China

Disney sues over Chinese cartoon 'strikingly similar' to Cars hit

Mickey Mouse in Disney Shanghai Image copyright Getty Images
Image caption Shanghai Disney officially opened on 15 June

A week after Shanghai Disney opened its doors, China has become embroiled in a high-profile copyright court case with the children's entertainment giant over the striking similarities of a cartoon.

Disney subsidiaries Disney Enterprises Inc. and Pixar are suing Chinese companies G-Point, PPTV and Bluemtv for hosting images and posters of 'The Autobots', a Chinese film that was released in July 2015.

Image copyright Weibo
Image caption China's media have been comparing Chinese film 'The Autobots' (L) to Disney's 'Cars' (R)

'The Autobots' was criticised last year at home and abroad for being visually similar to the Disney animated franchise 'Cars' but has only gained wide media attention since going to court on Tuesday.

Critics are sceptical over whether Disney will win the case, noting that China has ripped off overseas-produced cartoons before.

'Extremely similar'

Thousands of Chinese social media users are talking about the case on the popular Sina Weibo microblog, saying that 'The Autobots' is a "blatant copy" and that they "support Disney".

Chinese papers have also noted similarities between the two productions, but with more carefully worded editorials. The Beijing Economic Daily says that the two films are visually "extremely similar", and highlights that this is not the first time it has happened.

China has been criticised in the past for copying a number of Japanese cartoons.

These include the 2011 production 'Train Hero', which was criticised for "suspected plagiarism" because of its strong similarities to the Japanese animation 'Hikarian' in 2011.

In 2007, a CCTV Children's Channel cartoon 'Big Mouth Dodo' was also criticised for its similarities to another Japanese production, 'Crayon Shin-chan'.

'The curse of bootleg'

Videogame critics note that China has escaped punishment for replicating Disney products before.

On 13 June, US comedian and videogame critic JonTron remarked on the explosion of bootleg games and products based on Disney films.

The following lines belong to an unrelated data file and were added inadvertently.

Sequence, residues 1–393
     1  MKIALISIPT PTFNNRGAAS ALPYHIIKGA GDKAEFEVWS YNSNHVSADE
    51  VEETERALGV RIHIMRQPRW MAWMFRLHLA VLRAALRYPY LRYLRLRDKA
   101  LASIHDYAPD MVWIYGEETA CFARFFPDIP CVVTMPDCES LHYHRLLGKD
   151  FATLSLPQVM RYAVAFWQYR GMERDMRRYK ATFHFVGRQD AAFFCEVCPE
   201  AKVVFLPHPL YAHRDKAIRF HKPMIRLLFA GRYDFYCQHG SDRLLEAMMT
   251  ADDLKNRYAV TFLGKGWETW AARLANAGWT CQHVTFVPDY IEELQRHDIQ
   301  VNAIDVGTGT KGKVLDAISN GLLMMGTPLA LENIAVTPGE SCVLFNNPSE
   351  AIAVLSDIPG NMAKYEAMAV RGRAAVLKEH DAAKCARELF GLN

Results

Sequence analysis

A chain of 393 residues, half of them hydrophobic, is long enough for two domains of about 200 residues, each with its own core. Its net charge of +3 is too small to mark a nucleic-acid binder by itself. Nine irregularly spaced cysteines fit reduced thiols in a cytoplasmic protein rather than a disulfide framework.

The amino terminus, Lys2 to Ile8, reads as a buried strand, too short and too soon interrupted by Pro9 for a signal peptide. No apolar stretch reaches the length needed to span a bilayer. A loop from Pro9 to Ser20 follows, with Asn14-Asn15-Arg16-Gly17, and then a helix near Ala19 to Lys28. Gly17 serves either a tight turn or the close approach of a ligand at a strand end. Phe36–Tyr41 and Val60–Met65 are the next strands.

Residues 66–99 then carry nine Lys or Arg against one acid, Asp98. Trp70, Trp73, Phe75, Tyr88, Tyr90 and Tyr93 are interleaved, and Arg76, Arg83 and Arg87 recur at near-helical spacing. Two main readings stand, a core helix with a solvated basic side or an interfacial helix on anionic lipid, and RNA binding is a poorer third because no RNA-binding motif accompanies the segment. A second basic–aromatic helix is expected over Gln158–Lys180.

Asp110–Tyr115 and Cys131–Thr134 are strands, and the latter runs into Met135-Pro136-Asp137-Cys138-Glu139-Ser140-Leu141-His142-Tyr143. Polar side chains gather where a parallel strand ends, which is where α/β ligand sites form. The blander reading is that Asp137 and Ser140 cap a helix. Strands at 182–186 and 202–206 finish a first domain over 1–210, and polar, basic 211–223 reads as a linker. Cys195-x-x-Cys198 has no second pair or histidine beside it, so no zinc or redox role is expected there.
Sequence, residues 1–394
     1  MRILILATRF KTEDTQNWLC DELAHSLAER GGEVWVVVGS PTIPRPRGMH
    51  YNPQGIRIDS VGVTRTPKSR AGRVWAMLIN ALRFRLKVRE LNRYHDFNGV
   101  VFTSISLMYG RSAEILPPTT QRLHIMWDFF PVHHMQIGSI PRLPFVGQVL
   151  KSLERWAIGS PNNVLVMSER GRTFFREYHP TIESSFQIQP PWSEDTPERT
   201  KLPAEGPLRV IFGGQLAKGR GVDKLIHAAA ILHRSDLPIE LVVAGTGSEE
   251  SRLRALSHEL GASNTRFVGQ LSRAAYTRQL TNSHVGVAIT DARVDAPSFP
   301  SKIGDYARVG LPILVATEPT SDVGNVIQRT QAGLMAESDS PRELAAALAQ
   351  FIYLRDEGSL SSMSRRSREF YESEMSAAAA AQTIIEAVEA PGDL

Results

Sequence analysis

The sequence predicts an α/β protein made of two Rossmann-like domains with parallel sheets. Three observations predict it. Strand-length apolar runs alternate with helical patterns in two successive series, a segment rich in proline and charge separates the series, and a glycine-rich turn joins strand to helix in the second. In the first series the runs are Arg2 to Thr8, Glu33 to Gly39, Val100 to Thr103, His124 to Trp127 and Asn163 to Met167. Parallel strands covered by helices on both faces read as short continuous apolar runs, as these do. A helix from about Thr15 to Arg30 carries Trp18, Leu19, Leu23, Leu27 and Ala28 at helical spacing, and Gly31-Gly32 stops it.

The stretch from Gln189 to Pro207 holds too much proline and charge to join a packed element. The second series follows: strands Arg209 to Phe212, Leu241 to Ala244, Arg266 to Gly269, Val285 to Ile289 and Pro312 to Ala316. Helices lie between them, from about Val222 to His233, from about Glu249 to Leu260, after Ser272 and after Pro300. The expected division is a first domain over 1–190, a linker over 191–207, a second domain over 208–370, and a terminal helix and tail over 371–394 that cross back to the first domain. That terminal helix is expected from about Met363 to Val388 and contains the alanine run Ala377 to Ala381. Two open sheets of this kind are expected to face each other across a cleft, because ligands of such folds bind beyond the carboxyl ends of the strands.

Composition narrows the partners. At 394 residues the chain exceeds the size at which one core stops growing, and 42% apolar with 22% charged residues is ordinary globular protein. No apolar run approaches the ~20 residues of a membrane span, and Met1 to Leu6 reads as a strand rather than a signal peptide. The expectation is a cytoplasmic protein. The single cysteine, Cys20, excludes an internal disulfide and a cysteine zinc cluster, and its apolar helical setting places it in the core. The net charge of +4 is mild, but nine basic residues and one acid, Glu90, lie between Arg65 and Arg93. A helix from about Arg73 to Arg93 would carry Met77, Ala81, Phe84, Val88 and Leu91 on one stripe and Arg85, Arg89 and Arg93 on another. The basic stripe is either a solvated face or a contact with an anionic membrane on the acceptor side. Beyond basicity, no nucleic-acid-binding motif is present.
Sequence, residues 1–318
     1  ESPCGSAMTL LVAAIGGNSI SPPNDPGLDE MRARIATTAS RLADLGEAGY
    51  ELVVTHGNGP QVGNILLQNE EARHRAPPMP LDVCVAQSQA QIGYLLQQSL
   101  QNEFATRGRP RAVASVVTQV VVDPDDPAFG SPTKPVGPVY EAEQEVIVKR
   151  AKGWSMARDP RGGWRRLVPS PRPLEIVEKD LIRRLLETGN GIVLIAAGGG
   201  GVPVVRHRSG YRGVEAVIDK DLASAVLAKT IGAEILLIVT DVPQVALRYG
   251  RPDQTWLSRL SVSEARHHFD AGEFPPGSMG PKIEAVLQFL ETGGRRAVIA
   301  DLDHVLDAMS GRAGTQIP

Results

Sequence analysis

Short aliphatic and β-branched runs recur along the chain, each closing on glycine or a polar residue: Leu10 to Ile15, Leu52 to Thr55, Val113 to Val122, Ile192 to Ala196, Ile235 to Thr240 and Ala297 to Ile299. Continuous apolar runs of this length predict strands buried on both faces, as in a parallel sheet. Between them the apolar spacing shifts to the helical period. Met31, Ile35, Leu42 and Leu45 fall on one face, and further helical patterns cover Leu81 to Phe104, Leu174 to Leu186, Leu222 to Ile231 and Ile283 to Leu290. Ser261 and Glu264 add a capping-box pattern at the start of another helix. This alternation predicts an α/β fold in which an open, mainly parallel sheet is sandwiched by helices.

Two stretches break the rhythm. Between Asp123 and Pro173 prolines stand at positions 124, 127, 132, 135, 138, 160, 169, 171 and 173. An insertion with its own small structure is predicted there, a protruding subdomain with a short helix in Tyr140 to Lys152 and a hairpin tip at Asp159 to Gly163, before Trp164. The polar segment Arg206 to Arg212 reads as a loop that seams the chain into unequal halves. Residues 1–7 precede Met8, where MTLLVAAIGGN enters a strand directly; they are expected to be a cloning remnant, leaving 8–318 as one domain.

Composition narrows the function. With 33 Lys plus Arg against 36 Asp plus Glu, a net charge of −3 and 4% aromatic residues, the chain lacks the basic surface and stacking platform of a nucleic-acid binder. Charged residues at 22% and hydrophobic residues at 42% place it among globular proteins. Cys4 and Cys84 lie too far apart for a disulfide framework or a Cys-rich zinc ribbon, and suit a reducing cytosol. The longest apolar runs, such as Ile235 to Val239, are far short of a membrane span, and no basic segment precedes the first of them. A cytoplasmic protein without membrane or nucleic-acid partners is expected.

Image copyright Friv-Games.com
Image caption Disney's popularity has spawned many bootleg games

In a YouTube video with over three million views, he says that Disney is not safe from "the curse of bootleg". He singles China out as being "farther away from US jurisdiction and much better at Disney bootlegging" than any other country, and says that it is able to produce products like 'Bear of the Interest', a toy that strongly resembles Winnie-the-Pooh, but has flashing eyes and is described in Chinglish on the box as a "high class weapon".

JonTron also notes the wider trend of bootleg online games based on Disney films internationally, and highlights the launch of questionable online games 'Elsa Frozen Brain Surgery' and 'Anna Cesarean Birth' [sic], based on the 'Frozen' franchise.

'Rely on foreign programmes'

The case has perhaps comes as a surprise in China, given that its media regulator recently introduced strict new guidelines.

On 19 June, the State Administration of Press, Publication, Radio, Film and Television (SAPPRFT) issued new rules on "foreign-inspired" shows in a bid to boost domestic production.

Image caption China has its own version of the popular reality show 'The Voice'

The Xinhua news agency said "the new regulation came as many TV channels rely on foreign programmes, with few original ones. The new regulation will boost self-innovation by Chinese TV channels".

Along with other mainstream outlets, it highlighted widely-praised programmes like 'The Voice of China', which was "inspired by The Voice of Holland", and 'Running Man', a variety show that is based on a South Korean series of the same name.

Copyright losses

Image copyright Apple / Xintong Tiandi
Image caption iPhone lost a trademark case against Xintong Tiandi in May

While China has been embroiled in a number of copyright infringement cases, in recent months some high-profile companies have lost cases against Chinese companies.

Electronics giant Apple was especially hard hit. On 17 June, the Beijing Morning Post noted that a regional court specialising in intellectual property rights had determined that the iPhone 6 and iPhone 6 Plus were an infringement of a Chinese patent, the 100C produced by Shenzhen Baily.

National broadcaster China Radio International said that the court had added that "Apple must stop selling the products and providing related services".

In May, Apple also lost a trademark fight over the 'iPhone' name in China against a handbag and leather goods firm Xintong Tiandi, which had trademarked "IPHONE" in 2010.

Both moves came as a blow, as China is the second biggest market for Apple products.

BBC Monitoring reports and analyses news from TV, radio, web and print media around the world. You can follow BBC Monitoring on Twitter and Facebook.

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